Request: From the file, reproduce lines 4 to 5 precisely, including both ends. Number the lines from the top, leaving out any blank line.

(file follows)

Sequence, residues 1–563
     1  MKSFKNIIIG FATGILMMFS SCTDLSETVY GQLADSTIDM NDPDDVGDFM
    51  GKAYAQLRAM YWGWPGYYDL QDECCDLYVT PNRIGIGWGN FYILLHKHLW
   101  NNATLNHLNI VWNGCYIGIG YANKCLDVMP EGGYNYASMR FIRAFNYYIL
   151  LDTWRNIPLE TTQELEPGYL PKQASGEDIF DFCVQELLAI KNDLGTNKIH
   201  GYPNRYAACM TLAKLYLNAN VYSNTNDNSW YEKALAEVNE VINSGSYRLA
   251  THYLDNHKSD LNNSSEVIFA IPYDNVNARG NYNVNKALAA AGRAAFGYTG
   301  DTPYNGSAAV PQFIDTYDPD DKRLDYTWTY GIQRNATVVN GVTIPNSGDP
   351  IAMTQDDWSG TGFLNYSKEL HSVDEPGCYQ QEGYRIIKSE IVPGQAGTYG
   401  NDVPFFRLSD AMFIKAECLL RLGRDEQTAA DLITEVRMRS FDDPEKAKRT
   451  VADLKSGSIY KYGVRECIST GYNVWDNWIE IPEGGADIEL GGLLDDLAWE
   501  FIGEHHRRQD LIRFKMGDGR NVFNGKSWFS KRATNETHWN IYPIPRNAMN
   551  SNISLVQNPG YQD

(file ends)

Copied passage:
   101  NNATLNHLNI VWNGCYIGIG YANKCLDVMP EGGYNYASMR FIRAFNYYIL
   151  LDTWRNIPLE TTQELEPGYL PKQASGEDIF DFCVQELLAI KNDLGTNKIH